KINGSLEY FIELD, Ore. --
As the COVID-19 pandemic makes inroads in the United States military officials at the highest levels adopted new Centers for Disease Control guidance to require military members to wear masks when required to work inside a six-foot radius of others.
The Department of Defense sent this requirement to bases including, Kingsley Field, April 6, with the expectation that it would be fully adopted within eight days.
Thanks to some quick thinking on the part of senior leadership Airmen at Kingsley Field all have masks available to them one day later. An unconventional approach coupled with a willingness to pitch in and help saw more than 615 masks created from whole cloth—not to mention old ABUs, flight suits and a few worn out OCPs as well.
“It’s extremely impressive how Team Kingsley came together to get this done,” said Col. Brad Orgeron, the 173rd Fighter Wing vice commander. He went on to describe the process of finding a design that met CDC requirements, namely controlling spray through the fabric, which was also feasible for Airmen to construct quickly with material on-hand.
“Everybody pitched in to help,” said Lt. Col. Micah Lambert, the 173rd Maintenance Group commander. “We did an all-call on the app and Col. Edwards sent out an email saying ‘we’re gonna produce these tomorrow,’ and we went after it, and every shop you walked around folks were doing these “arts and crafts” projects—making these 10x6 squares of ABU material or felt.”
The maintenance conference room table was stacked with old ABUs as Airmen worked to break them down into cloth squares suitable for sewing into a mask. Downstairs the same thing was happening as a number of crew chiefs worked with razor blades to cut fabric squares.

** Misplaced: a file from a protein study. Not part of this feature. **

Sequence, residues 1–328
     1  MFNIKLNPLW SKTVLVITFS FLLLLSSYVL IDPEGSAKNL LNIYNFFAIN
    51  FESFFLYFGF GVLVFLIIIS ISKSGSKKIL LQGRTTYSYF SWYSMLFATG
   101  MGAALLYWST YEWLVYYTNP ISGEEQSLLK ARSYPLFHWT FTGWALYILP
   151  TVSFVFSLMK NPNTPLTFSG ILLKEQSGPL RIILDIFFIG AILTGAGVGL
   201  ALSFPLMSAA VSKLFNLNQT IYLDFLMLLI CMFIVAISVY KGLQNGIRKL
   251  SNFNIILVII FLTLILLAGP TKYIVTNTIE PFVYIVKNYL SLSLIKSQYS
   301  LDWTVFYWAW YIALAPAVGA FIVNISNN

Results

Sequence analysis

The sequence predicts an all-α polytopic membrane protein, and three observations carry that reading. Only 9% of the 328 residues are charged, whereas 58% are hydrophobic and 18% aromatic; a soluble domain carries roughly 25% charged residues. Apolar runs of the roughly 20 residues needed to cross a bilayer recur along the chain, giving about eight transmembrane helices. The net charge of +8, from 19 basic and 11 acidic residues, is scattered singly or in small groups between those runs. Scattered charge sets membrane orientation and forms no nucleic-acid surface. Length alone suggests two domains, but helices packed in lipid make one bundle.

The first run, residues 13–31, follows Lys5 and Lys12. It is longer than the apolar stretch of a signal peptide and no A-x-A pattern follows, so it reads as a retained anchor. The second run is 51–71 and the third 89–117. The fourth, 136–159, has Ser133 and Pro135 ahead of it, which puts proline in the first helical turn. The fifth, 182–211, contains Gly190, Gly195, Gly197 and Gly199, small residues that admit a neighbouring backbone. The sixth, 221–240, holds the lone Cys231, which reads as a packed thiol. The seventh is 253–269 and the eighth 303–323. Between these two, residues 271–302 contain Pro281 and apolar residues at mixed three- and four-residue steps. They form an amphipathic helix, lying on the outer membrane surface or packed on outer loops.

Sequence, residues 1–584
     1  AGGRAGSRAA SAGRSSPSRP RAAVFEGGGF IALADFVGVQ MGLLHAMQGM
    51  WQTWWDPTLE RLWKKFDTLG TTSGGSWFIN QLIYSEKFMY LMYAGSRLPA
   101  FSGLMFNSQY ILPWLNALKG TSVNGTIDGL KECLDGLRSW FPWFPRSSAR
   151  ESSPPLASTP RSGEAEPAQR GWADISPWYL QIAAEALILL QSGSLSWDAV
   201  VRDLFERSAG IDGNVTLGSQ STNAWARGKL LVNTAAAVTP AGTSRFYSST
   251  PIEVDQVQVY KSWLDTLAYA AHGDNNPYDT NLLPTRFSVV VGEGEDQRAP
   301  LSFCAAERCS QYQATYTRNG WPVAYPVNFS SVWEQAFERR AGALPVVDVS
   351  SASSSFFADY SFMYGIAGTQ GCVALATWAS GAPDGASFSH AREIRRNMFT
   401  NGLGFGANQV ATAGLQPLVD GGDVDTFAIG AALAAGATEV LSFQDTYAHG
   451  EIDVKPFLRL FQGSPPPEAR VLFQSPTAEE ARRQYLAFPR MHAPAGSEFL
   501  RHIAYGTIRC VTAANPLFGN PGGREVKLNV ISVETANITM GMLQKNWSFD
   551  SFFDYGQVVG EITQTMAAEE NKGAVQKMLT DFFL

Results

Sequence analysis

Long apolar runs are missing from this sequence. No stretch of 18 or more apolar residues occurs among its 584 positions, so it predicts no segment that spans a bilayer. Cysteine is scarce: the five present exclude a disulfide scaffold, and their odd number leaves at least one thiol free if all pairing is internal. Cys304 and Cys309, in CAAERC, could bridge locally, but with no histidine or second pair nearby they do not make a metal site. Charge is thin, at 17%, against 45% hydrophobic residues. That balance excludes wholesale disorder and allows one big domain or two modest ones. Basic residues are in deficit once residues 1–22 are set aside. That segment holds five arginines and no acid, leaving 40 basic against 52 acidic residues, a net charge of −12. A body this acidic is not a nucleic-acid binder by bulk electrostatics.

Across the tarmac in the Aircrew Flight Equipment office the sound of sewing machines marked the next phase of construction where the squares were sewn together to form the protective mouth and nose cover.
“I’ve done about 100 so far,” said Tech. Sgt. Thomas Howard, an AFE technician, shortly after 11 a.m. between setting down a sewn piece and grabbing two more pieces of cloth.
Several reasons made is necessary for the base to undertake this project, the supply system is overwhelmed with mask requests as is the civilian supply chain, making that a dead-end.
Although the base has some mask reserves, these need to be preserved for medical staff as well as community support as the Oregon Air National Guard remains ready to respond to the state’s call should the crisis worsen.
Finally, the wing’s mission is to provide trained air superiority pilots to the U.S. Air Force and the Air National Guard and the sooner these masks are ready the sooner the base returns that core mission.
“It’s going to be great tomorrow to hear the sound of jets flying in the Klamath Basin tomorrow as we get back to flying—our day-to-day business,” said Orgeron.